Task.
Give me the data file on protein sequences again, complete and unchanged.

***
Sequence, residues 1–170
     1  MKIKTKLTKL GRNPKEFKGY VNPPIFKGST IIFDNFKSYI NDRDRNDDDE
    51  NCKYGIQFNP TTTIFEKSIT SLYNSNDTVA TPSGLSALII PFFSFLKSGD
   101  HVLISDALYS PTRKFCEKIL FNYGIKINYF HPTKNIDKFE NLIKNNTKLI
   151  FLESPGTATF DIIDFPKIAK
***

Sequence, residues 1–170
     1  MKIKTKLTKL GRNPKEFKGY VNPPIFKGST IIFDNFKSYI NDRDRNDDDE
    51  NCKYGIQFNP TTTIFEKSIT SLYNSNDTVA TPSGLSALII PFFSFLKSGD
   101  HVLISDALYS PTRKFCEKIL FNYGIKINYF HPTKNIDKFE NLIKNNTKLI
   151  FLESPGTATF DIIDFPKIAK